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$2K Gaming Rig

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Last response: in Systems
November 16, 2011 11:34:52 AM

So I plan on buying a new rig sometime soon with the main intention of gaming, with homework/web development/3D on the side. I'll be overclocking the CPU but not the GPU. My budget is around the AU$2000 and this is what I've got so far:

CoolerMaster Storm Trooper - $189

CoolerMaster V6GT - $64

Intel Core i5 2500K - $229

SLI ASUS GeForce GTX 560Ti DirectCU II TOP - $289

Seagate Barracuda 1TB - $129

OCZ Agility 3 60GB SSD - $119

G.Skill Ripjaws 8GB 1600MHz 1.5V - $55

ASUS VE228H 21.5 inch - $165

Gigabyte GA-Z68X-UD3H-B3 - $169

LG 22x SATA DVD-RW - $25

Corsair AX750 - $215

Windows Home Premium 64 bit - $99

Total: $2036

Any recommendations? Thanks in advance.

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November 16, 2011 11:44:19 AM

If you want to do 3D rendering, the 2600K is a better option. The 2500K is no slouch though, and the extra $100 for the 2600K may be a turn off. Prices seem to be a bit high through that store for some things... Any chance you can look around for any other reputable online retailers in Australia for the parts you want? If you can save any money, I'd upgrade the monitor to at least a 23". 21.5" is just weird.

My suggestions: 23" monitor and the 2600K. Skip the 2600K and go for a 23" monitor though if you can only manage to squeeze a little more money into it.

Also, overclocking the GPU is simple and easy. Even a small 50 Mhz boost can improve FPS by 1 or 3, depending on the game.
November 16, 2011 11:52:17 AM

Yeah I might look into getting a 2600K. I'm happy to get it through any other Australian retailers, I know of Centrecom, are there any others (live in Victoria). The main reason I was put off getting a 23" (family PC has one) is that I'll be at Uni when I have this, and having a small desk and a 23" doesn't sound as nice as just having that few extra inches of space.

If overclocking the GPU isn't too hard I might do a bit of that. That ASUS card is already 78MHz higher than the reference card on the graphics clock and 155MHz on the shaders. Thanks for your input though!
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November 16, 2011 12:03:50 PM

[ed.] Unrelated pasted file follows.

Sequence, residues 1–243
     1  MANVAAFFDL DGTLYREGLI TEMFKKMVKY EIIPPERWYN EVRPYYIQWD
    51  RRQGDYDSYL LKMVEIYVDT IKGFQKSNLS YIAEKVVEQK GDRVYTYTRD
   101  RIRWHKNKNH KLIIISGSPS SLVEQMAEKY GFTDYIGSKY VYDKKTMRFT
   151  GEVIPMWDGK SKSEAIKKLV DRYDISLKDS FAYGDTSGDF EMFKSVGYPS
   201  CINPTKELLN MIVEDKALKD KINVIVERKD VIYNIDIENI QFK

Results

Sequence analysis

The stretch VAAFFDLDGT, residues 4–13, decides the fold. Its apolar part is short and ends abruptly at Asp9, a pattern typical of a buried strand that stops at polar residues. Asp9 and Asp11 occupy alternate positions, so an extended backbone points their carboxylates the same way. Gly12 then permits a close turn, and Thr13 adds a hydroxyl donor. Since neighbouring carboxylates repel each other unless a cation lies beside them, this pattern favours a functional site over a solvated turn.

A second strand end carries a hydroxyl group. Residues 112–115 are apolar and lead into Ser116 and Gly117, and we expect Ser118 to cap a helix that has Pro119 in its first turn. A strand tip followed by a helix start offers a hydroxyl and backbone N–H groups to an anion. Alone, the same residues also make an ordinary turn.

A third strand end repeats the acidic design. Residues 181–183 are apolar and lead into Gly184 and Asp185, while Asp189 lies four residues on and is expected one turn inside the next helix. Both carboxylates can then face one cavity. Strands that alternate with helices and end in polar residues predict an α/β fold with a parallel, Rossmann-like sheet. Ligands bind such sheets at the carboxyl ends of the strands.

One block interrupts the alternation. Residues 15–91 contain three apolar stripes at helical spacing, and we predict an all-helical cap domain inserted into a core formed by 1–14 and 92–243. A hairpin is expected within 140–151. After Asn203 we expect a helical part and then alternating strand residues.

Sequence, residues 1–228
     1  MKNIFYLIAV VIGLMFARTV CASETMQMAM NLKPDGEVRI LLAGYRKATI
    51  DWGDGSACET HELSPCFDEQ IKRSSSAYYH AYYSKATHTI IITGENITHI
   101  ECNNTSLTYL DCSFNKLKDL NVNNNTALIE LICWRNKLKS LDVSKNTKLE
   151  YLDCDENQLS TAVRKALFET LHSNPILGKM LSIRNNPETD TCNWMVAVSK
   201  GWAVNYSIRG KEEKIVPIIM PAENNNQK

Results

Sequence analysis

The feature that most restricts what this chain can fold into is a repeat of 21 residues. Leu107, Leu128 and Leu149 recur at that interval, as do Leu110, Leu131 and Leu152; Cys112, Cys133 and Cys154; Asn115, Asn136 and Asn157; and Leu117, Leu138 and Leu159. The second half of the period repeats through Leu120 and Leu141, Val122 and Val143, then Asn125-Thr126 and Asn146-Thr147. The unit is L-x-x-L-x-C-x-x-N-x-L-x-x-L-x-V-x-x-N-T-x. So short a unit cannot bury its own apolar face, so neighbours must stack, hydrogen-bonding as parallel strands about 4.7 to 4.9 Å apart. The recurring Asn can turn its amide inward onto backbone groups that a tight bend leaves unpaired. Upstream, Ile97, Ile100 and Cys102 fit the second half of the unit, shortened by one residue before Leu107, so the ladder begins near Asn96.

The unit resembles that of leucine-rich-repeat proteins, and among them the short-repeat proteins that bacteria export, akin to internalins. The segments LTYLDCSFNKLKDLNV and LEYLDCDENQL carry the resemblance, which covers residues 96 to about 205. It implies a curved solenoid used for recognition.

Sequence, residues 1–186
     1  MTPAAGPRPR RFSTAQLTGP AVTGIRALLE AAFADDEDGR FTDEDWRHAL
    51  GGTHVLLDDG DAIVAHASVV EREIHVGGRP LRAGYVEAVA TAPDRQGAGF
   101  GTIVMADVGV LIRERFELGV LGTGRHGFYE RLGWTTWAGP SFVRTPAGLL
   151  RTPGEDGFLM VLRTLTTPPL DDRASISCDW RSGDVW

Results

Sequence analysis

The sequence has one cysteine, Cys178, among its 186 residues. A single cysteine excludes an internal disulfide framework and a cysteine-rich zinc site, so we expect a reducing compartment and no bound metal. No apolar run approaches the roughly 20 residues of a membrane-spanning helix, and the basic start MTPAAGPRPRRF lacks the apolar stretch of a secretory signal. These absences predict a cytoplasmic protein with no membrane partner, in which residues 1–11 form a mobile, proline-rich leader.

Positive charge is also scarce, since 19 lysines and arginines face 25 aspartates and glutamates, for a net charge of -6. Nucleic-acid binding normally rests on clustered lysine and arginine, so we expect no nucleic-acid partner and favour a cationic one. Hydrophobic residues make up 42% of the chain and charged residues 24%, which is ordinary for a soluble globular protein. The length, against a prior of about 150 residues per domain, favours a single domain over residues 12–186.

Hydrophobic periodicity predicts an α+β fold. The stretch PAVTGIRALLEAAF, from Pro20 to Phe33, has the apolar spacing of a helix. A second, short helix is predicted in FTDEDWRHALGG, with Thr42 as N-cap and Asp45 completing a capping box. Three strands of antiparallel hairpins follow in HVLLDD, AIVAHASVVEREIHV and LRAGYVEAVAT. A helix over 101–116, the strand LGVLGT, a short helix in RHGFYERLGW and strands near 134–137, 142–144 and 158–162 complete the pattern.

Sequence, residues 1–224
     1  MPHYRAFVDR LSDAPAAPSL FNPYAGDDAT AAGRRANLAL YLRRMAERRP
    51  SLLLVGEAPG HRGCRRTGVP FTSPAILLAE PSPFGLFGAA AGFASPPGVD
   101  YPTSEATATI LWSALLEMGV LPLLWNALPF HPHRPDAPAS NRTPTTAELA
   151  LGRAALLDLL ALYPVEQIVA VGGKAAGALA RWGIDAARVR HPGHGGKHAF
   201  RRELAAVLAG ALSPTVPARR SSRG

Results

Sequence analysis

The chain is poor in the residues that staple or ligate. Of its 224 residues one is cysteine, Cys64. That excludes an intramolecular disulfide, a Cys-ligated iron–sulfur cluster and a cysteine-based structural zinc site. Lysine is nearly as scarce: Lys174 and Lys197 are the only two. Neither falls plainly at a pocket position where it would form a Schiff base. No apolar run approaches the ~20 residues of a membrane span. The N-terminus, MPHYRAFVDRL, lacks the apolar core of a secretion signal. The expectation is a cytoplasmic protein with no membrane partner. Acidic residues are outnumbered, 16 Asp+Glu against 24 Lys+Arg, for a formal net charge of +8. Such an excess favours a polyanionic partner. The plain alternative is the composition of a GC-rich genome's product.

Overclocking the GPU is as easy as downloading this: , installing it, then sliding the sliders over and hitting apply. :)  Do a little at a time though. Not all cards can OC. Sometimes the already OC'd cards OC further. Always worth trying to squeeze out another 25 to 50 Mhz. Plus its fun to experiment with it.

The monitor makes since then, I can understand that.

As for any other retailers, this one appears cheaper. . I know at least one other user on here who has priced their rig through them. I'm not gonna vouch for the company though. I'll leave that up to you to research them.

Also, I was thinking, if you are doing 3D rendering, more RAM might be better. I don't do any rendering myself, but I know that in video editing I can max out all 8 gigs of ram as the system 'renders' and encodes the video. Since RAM is cheap, you could go for 16 GBs instead of 8. I'd check to see if that would impact 3D rendering though. And if its on the side anyway, it might not make that big a difference.
November 16, 2011 12:08:12 PM

Ah ok, well if it's that easy I'll have to consider it! Thanks for the link to MSY too.

Well I currently do rendering on an i5-750 with 4GB RAM, it does alright, but it definitely maxes out the four. I was considering the 16GB as it's only an extra 50 bucks, but I guess I can always try out the 8 and see how they go, then add more if need be.
November 16, 2011 12:15:25 PM

That works. Nice thing about computers is that you can always add more if necessary.
November 16, 2011 12:46:42 PM

Best answer selected by sam_fisher.